From my list on with unusual ways to travel in time.
Who am I?
I have been interested in time travel since childhood, although I personally do not think human beings will ever move forward or backward in time. But the notion and its paradoxes make a great subject for the imagination, which is the meat of speculative fiction. In writing about time travel, I had to deal with the “grandfather paradox,” where something the character does in the past changes his own future—the core of Ray Bradbury’s short story “The Sound of Thunder.” My excuse, used in The Children of Possibility, is that great upheavals like war and civilizational collapse erase small changes like stepping on a butterfly. But, you know, it’s all speculative.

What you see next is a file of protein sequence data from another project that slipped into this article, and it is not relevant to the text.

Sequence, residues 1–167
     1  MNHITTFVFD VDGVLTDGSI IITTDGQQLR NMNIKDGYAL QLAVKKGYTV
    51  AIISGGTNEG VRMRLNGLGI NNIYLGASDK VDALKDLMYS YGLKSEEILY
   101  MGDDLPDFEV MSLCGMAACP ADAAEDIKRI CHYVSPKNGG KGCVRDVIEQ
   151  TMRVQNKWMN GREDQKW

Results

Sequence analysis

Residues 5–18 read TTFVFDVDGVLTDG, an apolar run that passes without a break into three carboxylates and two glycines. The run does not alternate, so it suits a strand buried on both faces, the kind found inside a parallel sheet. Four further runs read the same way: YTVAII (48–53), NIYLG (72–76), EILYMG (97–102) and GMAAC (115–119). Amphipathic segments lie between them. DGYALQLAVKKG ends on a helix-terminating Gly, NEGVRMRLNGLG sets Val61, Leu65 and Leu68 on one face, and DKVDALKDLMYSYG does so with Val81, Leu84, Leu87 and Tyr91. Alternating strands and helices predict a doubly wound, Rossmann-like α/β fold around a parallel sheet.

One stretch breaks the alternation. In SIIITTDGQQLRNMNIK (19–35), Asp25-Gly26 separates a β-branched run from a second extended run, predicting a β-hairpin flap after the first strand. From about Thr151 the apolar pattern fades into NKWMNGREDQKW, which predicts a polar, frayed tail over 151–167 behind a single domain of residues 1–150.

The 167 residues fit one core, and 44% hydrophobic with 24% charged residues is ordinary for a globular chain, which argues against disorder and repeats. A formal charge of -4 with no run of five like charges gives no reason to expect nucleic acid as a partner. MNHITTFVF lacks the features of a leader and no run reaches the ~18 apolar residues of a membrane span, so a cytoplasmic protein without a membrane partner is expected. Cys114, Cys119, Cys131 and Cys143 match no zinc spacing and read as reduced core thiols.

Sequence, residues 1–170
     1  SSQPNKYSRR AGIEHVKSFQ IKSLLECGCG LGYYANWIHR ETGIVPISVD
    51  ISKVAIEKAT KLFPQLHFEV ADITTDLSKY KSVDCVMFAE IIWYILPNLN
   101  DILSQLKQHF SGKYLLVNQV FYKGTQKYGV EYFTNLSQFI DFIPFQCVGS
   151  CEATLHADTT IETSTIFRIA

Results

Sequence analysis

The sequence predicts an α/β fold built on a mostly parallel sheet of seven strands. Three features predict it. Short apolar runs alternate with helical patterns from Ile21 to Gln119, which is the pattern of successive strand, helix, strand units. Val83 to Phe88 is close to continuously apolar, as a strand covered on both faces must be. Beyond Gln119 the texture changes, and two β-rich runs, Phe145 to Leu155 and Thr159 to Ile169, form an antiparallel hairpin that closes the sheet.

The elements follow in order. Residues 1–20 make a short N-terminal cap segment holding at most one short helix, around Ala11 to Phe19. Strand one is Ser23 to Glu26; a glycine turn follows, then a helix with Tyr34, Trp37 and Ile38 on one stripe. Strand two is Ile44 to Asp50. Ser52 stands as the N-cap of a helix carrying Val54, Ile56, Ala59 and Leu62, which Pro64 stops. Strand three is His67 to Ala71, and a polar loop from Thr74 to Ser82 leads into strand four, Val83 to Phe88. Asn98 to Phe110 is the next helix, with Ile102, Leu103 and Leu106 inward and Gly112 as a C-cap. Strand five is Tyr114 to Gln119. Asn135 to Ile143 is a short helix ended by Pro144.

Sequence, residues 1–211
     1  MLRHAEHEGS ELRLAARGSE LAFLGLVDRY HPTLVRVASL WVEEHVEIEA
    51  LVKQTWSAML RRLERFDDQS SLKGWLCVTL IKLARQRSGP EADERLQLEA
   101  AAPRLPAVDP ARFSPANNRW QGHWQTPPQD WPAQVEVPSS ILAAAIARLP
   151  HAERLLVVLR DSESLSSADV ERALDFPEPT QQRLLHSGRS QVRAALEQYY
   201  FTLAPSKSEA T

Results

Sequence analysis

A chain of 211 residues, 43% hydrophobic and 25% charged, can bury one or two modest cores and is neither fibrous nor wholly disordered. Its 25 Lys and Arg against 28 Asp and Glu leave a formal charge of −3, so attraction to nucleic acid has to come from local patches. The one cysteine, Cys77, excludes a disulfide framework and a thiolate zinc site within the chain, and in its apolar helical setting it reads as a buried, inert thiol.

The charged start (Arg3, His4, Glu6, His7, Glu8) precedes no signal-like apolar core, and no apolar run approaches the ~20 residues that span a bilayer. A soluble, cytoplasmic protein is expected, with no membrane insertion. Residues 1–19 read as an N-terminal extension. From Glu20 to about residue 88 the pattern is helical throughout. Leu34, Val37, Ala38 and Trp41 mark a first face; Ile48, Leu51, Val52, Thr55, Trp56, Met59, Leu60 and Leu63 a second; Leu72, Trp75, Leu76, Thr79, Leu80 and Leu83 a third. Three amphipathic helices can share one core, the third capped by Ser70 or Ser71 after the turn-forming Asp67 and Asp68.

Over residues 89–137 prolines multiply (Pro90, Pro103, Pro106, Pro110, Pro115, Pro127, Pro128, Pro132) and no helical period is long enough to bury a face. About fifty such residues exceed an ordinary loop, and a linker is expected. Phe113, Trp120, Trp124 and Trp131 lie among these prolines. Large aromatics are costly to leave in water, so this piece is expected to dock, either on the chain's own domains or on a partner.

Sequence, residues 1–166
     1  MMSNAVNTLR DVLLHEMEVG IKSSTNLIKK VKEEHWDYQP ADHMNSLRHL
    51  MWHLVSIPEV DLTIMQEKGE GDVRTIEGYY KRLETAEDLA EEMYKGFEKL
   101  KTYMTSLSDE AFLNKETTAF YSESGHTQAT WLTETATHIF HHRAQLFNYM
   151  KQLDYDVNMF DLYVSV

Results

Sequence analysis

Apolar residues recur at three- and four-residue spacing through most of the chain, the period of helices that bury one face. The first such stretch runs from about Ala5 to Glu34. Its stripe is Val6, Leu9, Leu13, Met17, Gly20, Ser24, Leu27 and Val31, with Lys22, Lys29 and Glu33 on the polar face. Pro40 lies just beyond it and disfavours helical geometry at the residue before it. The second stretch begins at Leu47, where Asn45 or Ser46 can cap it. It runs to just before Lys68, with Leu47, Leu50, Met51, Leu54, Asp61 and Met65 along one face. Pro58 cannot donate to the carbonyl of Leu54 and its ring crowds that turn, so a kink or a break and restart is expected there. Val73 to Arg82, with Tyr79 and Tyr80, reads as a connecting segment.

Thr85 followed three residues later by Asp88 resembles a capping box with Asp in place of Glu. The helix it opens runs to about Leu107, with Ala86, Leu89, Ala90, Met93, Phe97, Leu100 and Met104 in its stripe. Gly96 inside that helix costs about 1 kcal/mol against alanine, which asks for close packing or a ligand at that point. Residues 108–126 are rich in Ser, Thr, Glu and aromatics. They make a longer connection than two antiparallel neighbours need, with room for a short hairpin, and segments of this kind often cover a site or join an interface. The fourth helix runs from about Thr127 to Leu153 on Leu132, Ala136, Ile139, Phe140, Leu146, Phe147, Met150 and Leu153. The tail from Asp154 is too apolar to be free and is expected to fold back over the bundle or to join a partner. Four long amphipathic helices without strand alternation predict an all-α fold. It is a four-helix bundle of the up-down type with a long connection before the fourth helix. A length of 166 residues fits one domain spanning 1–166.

Thomas' book list on with unusual ways to travel in time
Why did Thomas love this book?
Tim Powers is one of my favorite science fiction authors, and The Anubis Gates is probably his best book. As always with Powers, it follows a couple of themes besides time travel, including an Egyptian curse and a malicious puppeteer. The travel mechanism takes into account changes in the landscape since the target time. I particularly enjoyed the use of The Beatles’ "Yesterday" as an out-of-time signaling device.